I feel greatly akin to what Jordan Gray writes here and feel grateful for his articulation.
“Physical, sexual, and emotional traumas in childhood are all too common.
Regardless of whether you were physically attacked, bullied, sexually assaulted, or chronically neglected, the pain of childhood trauma can sting for decades after the original incidents.
Researchers have found that childhood traumas can negatively impact permanent development changes in the brain, and be an ongoing contributing factor to various psychiatric problems like anxiety, depression, panic attacks, and post traumatic stress disorder.
In short, the body, heart, and mind remember the old trauma.
The resulting shame, pain, guilt, and despair of the childhood trauma is then either acted inwards as depression, anxiety, suicidal ideation, dissociation, or post-traumatic stress, or acted outwards as compulsivity, substance abuse, aggression, or hyperactivity. In either case, the thought processes and behaviours lead back to a sense of trying to escape oneself.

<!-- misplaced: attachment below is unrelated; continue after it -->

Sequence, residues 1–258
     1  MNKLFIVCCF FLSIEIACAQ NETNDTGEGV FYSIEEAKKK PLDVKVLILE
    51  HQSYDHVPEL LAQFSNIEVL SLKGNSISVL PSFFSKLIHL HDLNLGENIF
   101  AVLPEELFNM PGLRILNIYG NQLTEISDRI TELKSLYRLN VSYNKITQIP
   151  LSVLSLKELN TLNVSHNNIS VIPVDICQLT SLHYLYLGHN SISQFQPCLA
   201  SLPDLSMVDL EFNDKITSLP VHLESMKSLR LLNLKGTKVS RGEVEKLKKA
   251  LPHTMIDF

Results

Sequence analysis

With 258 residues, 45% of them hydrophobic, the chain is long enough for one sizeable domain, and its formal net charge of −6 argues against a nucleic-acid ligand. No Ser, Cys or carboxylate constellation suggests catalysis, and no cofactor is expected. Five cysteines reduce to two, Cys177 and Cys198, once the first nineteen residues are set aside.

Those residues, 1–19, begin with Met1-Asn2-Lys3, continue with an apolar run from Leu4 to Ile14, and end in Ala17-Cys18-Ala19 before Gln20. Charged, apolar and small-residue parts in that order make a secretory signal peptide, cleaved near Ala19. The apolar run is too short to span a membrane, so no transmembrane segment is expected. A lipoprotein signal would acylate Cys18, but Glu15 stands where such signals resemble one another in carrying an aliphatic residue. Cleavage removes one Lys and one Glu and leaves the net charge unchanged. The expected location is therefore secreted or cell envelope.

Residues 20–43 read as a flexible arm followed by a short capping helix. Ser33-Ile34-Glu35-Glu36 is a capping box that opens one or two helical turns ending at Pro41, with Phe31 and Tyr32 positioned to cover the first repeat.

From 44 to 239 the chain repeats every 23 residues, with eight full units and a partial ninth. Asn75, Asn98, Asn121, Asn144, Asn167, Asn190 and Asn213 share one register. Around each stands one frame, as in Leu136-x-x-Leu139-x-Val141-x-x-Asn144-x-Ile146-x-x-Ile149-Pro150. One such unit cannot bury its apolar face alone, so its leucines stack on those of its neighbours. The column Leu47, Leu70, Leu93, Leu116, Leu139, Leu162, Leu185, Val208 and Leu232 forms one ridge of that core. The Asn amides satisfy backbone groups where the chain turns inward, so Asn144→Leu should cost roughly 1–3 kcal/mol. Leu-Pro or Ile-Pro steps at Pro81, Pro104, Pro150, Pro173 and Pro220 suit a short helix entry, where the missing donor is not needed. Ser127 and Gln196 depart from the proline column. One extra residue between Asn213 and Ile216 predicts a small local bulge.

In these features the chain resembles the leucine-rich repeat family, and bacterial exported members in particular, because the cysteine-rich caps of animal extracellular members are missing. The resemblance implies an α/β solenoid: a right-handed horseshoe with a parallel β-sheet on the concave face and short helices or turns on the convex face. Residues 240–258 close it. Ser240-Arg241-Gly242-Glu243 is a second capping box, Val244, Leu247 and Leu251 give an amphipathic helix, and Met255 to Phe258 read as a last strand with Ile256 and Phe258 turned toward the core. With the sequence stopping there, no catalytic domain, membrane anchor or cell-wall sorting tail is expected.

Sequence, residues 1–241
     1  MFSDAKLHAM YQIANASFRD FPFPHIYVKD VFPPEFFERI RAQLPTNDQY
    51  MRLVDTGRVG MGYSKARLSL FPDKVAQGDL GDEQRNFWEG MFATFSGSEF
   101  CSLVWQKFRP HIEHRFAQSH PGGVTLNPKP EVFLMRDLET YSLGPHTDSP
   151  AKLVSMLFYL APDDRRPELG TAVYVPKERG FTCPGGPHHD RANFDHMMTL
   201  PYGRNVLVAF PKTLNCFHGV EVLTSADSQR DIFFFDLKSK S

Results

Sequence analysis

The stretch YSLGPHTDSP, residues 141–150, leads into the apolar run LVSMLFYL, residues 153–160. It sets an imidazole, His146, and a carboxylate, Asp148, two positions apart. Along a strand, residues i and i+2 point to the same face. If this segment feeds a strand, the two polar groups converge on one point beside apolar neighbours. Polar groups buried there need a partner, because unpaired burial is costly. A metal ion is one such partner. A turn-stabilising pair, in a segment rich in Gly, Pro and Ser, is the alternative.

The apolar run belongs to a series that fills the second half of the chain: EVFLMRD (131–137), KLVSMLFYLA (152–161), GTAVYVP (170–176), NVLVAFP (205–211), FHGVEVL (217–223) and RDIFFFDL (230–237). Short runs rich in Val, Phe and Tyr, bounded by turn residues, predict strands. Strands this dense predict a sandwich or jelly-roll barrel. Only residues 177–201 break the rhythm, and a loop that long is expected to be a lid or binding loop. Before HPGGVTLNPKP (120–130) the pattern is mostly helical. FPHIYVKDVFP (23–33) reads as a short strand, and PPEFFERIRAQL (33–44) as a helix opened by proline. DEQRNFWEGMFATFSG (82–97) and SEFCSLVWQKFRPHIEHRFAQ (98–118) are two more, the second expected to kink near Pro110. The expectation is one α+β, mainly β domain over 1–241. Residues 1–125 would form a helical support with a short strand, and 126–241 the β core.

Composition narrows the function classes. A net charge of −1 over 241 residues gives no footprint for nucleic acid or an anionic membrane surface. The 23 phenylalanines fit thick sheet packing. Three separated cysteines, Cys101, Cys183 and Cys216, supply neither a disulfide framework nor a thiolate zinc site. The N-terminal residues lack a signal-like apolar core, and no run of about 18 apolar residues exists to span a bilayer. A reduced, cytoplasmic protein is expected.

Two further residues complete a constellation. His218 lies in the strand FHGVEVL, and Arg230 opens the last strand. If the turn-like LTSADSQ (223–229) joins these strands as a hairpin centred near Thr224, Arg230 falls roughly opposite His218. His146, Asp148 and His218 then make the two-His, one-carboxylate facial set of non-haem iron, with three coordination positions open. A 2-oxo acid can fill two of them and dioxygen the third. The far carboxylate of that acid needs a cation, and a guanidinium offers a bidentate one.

Some of the most common resulting mechanisms that come from experiencing childhood trauma are mindsets such as, “I can only rely on myself”, “I always need to be on high alert”, “I always need to be in control and/or angry.” And while these defence mechanisms may have served us for a time in order to get through our childhood, they become maladaptive and limiting in our adult years.
The good news is that, for many people, the resulting effects of your traumas can be worked through. Even if your brain does wire itself a little differently because of the core wounding, it is not insurmountable.
You can move through your trauma to experience abundant self-esteem, loving intimate relationships, and a deep sense of meaning in your life. Your traumatic experiences do not have to define you.
And even if people have told you to “just get over it”, moving through the pain of your childhood trauma will take consistent, genuine effort…” full article here